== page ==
The COVID-19 pandemic continues to spread, but that’s not stopping GameStop from plotting to reopen stores.
In a statement issued this week, the Texas-based retailer says that it has “begun the process of reopening stores in Italy, Germany, Austria, and the states of South Carolina and Georgia and is preparing for the potential to reopen in other operating countries and states in the coming weeks.” Following some publish pushback regarding its claims to be “essential” retail, GameStop moved to a curbside pickup program called Delivery@Door in two-thirds of its locations. The additional one-third of its store base is completely closed.
Despite an overall boom for the video game industry in March, GameStop sales for the nine-week period ending April 4 declined 23% over the same period last year.
GameStop CEO George Sherman says that the company has retained 90% of its planned sales volume for stores that have remained open for curbside pickup.
As part of its COVID-19 response, the company is implementing a variety of cost-cutting measures including reduced salaries, hours, and furloughs.
“We continue to proactively manage our business with a goal to increase financial flexibility and preserve cash flow in the current environment,” Sherman says. “We announced salary reductions for our senior management team and board of directors, as well as wage rate reductions for some other corporate and field support staff. In addition, we have offered certain corporate and other support team members the option to work under either half-time/half-pay structure or a temporary furlough program. We believe our aggressive focus on expense, inventory, and capital expenditure reductions will help preserve our financial health as we work to ensure readiness and ramp up operations as soon as conditions allow. The situation remains very fluid and a great deal of uncertainty remains, however, we entered into this time with a strong balance sheet and believe that we have sufficient cash and liquidity for the foreseeable future and will continue to take all of the necessary steps to ensure GameStop remains a strong and vibrant company at the end of this crisis.”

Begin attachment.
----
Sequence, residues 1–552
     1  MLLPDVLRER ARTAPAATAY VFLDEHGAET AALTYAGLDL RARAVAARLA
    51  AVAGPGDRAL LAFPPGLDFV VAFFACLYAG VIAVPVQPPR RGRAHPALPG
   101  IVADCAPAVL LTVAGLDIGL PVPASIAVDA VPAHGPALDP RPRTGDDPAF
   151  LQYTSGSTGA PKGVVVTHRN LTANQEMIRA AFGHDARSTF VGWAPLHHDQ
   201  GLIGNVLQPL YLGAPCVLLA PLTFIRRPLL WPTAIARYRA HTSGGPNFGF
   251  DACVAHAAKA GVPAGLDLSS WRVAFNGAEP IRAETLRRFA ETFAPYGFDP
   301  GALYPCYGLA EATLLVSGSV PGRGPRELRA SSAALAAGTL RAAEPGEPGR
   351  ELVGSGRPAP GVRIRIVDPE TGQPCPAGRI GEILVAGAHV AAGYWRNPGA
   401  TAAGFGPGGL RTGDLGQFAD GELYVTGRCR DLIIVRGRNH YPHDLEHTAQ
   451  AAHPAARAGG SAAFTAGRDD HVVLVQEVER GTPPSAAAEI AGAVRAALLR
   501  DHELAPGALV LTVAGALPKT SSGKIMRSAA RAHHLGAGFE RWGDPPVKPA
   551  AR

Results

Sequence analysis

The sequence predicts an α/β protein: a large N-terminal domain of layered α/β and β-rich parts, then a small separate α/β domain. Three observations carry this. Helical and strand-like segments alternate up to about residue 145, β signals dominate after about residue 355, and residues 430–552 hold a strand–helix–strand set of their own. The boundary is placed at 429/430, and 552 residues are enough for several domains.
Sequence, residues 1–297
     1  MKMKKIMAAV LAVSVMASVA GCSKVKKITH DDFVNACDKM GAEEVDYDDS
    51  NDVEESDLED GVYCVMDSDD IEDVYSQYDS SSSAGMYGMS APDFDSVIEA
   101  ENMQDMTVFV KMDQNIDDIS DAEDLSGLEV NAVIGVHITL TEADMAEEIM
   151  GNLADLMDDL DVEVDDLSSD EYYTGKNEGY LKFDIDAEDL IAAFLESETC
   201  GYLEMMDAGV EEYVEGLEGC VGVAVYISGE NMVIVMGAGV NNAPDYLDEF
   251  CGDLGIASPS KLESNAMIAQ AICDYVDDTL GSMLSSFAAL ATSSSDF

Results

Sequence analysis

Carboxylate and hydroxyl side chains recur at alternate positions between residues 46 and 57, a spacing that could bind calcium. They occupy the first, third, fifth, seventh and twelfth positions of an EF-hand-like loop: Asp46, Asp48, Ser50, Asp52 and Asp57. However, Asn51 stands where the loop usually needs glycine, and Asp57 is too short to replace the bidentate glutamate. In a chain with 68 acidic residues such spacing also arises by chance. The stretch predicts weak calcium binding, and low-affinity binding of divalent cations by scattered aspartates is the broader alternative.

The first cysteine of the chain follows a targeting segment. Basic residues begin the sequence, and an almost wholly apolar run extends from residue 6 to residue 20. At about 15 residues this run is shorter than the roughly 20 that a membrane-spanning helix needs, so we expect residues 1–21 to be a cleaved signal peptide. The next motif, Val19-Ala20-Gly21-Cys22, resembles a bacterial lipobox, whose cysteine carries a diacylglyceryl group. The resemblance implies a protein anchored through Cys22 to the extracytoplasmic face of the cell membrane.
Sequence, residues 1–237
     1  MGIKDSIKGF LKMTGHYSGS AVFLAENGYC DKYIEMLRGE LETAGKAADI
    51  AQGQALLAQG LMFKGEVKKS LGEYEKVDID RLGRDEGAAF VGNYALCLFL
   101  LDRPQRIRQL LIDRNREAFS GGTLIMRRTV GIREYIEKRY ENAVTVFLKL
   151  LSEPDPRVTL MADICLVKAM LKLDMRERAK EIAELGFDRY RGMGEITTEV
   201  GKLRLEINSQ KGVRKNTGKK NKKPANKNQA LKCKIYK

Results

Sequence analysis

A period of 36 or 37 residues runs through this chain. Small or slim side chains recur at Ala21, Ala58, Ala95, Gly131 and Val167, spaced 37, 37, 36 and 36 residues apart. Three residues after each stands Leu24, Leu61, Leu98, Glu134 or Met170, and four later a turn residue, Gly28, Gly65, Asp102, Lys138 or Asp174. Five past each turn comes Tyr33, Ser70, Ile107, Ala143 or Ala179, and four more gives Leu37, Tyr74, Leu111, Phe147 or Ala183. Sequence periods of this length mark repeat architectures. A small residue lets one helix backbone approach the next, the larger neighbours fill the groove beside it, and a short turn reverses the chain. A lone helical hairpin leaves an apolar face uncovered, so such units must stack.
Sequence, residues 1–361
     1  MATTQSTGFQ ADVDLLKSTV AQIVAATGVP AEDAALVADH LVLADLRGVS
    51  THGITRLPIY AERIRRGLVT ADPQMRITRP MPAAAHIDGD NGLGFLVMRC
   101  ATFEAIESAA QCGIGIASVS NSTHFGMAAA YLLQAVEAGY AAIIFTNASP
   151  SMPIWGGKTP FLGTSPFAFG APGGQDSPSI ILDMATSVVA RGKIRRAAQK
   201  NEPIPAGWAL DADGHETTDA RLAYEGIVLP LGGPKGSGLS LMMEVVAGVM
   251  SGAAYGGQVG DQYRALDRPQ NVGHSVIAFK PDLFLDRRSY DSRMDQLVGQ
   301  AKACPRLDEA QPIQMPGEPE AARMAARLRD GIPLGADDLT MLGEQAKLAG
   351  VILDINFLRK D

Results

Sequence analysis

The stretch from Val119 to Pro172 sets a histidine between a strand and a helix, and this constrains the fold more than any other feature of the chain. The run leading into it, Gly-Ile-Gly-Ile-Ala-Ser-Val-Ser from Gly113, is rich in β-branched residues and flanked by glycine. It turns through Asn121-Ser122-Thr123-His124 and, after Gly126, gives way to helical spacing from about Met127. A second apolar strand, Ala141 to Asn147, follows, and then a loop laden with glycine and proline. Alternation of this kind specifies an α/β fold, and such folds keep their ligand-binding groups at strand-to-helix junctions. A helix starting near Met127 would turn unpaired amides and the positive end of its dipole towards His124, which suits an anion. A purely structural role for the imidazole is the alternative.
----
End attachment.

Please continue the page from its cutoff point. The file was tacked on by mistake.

Sherman has agreed to a 50% salary reduction while GameStop CFO Jim Bell and the rest of the executive leadership team will take a 30% cut. The company’s board of directors will also take a 50% reduction in cash compensation. Beginning April 26, certain store employees will receive temporarily reduced pay of between 10% and 30%, while corporate support staff will have the option to either a temporary furlough or reduced workweek/reduced pay program.
GameStop has also hit the brakes on inventory purchases to match demand and has lowered spending on its turnaround projects.
Additionally, GameStop says that it did not make some of its lease payments for some of its stores and is continuing to negotiate with landlords.
Prior to the coronavirus outbreak, GameStop added new members to its board of directors, including former Nintendo of America President and COO Reggie Fils-Aimé, former Walmart U.S. President and CEO Bill Simon, and Petsmart President and CEO J.K. Symancyk, formerly of Meijer.